A less than towering ‘Inferno’

Whatever the merits, or otherwise, of Tom Hanks’ latest outing as Robert Langdon in the film adaptation of Dan Brown’s ‘Inferno’, in our eyes it’s a winner.

We must admit a certain bias here, because if there’s one thing that brings a smile to our faces at Wordsworth Towers then it’s a film or TV tie-in with one of our books.

Admittedly our Classics of World Literature series isn’t usually a source of such material. Robbie Coltrane as Doctor Johnson in Blackadder the Third gave us a tenuous link – but the Langdon film’s link to Dante’s Inferno, being part of his The Divine Comedy (available both individually and collectively from Wordsworth), gives us the chance of a little flurry of interest in the deeper recesses of our catalogue.

Naturally, it’s our main classics range that usually provides the material for such welcome bonuses and we spend many a happy hour scrutinising the TV schedules looking for the next classic adaptation.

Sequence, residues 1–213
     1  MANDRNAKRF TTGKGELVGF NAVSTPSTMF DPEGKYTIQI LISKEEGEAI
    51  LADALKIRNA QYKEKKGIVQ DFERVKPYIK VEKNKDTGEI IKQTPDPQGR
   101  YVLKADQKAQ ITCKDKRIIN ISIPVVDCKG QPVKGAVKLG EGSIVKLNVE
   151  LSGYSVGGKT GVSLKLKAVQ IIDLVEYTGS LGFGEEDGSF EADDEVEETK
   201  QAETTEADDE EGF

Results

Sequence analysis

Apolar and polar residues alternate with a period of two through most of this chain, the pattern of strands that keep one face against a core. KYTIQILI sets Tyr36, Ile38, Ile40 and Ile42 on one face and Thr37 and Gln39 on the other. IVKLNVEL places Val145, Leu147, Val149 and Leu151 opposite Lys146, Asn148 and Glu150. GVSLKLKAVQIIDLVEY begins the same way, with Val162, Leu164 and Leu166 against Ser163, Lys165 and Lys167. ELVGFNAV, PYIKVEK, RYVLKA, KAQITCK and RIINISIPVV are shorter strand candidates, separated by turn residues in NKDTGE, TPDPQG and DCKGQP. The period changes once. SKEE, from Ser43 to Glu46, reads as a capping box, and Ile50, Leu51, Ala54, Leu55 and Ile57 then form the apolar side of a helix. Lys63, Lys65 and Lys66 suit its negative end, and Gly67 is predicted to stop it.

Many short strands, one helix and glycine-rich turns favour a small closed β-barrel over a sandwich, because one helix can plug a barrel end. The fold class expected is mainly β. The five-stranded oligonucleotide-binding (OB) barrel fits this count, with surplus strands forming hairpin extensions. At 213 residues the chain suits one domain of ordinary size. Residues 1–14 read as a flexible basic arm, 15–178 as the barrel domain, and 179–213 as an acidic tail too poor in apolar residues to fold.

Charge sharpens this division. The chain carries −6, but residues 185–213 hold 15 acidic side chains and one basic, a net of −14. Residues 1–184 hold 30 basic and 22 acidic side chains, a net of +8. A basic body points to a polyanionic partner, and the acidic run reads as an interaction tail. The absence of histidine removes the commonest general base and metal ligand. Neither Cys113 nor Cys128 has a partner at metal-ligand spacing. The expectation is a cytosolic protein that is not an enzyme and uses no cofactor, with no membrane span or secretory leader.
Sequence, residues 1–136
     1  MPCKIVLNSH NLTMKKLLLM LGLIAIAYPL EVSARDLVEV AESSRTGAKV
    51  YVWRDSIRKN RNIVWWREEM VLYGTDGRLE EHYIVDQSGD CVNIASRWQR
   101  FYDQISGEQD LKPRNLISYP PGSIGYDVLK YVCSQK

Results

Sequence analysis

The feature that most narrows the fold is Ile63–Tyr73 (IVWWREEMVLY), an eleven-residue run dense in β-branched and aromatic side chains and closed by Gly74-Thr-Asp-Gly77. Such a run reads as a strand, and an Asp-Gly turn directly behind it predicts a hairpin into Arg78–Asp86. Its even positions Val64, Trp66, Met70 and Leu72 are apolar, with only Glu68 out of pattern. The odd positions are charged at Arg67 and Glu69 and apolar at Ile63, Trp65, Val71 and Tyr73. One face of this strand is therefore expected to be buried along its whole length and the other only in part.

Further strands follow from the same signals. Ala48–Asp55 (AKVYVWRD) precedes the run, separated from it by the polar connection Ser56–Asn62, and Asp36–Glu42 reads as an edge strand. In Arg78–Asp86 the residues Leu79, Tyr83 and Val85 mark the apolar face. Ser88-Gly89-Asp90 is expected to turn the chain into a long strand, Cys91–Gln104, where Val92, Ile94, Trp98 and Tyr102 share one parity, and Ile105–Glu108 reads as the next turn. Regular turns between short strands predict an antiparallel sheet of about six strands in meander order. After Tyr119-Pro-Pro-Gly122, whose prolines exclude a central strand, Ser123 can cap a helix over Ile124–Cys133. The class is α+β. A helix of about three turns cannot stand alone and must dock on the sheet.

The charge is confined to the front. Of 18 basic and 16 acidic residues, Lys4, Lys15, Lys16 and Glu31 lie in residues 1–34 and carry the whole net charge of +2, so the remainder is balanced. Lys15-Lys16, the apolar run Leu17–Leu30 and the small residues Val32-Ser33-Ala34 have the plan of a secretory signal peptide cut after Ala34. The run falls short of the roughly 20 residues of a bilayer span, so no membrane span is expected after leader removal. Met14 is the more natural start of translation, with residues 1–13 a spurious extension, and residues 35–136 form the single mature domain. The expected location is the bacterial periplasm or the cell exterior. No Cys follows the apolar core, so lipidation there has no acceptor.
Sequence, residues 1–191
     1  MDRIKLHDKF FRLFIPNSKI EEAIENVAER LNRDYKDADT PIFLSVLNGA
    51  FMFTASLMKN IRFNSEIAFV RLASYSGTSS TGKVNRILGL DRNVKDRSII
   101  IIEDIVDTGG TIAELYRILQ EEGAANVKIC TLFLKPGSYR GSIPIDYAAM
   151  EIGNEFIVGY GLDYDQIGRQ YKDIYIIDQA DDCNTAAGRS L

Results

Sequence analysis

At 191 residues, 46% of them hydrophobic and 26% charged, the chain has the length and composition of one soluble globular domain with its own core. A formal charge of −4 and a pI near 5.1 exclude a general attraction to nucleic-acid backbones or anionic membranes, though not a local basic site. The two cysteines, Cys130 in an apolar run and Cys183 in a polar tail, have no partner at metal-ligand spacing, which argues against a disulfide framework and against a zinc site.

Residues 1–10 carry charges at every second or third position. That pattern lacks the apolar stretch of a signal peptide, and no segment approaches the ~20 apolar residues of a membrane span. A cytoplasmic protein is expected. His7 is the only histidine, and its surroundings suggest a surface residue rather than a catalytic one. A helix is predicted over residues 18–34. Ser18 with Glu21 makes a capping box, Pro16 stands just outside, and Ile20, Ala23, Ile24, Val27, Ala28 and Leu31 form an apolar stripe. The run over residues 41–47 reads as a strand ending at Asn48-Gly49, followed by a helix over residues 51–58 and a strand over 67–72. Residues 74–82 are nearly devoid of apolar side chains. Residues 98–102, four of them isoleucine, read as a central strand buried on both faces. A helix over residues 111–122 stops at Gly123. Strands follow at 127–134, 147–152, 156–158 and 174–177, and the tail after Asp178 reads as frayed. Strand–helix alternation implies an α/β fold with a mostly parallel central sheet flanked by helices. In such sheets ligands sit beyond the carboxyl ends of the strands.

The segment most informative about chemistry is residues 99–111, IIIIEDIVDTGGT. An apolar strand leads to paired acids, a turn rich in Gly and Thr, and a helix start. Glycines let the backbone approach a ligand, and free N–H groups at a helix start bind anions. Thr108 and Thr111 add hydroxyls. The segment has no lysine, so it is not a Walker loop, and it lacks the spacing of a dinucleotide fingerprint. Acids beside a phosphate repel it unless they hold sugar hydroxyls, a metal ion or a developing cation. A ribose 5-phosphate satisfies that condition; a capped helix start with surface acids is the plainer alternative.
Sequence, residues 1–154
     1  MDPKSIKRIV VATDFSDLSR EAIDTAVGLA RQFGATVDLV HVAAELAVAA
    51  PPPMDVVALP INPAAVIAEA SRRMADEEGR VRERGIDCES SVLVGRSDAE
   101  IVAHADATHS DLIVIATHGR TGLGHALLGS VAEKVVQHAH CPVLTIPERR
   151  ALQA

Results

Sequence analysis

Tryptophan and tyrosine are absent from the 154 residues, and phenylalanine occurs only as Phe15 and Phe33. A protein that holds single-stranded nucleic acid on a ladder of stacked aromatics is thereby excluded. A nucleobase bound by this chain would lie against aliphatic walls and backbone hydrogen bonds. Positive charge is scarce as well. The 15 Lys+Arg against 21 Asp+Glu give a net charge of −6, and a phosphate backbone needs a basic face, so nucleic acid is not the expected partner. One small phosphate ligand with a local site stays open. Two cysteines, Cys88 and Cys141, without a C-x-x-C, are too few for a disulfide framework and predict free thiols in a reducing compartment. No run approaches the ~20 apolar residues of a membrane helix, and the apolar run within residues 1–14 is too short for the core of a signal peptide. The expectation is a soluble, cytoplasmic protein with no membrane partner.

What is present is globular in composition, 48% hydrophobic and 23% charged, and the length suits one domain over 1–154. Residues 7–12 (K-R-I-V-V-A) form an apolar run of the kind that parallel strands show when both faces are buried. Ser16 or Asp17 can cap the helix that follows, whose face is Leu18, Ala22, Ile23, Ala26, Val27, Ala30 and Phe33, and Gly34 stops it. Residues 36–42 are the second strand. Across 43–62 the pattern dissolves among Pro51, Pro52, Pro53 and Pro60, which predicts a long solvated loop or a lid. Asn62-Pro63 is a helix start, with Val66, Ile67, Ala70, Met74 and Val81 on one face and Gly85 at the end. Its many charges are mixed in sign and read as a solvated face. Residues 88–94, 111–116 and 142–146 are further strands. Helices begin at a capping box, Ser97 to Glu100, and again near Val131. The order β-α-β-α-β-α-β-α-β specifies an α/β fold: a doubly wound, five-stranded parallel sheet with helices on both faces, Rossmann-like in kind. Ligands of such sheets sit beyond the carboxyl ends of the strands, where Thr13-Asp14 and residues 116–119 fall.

We’re rarely disappointed and occasionally they are spectacular – with the BBC’s Dickensian series, it felt like all of our Christmas Carols had come at once.

There are certain authors – Jane Austen; the gift that keeps on giving – that can be relied on to come around every few years. It’s a great comfort to us to know that probably somewhere even now some new, smouldering leading man is donning Mr Darcy’s white linen shirt and heading for the lake.

But we digress – let’s get back to our Classics of World Literature series. Okay, so obvious commercial adaptations don’t immediately jump out. The Communist Manifesto – The Musical anyone?

Our personal pick would be de Tocqueville’s Democracy in America. Any screenplay that could introduce a deranged, strangely coiffured, misogynist orange racist as the villain would surely run and run.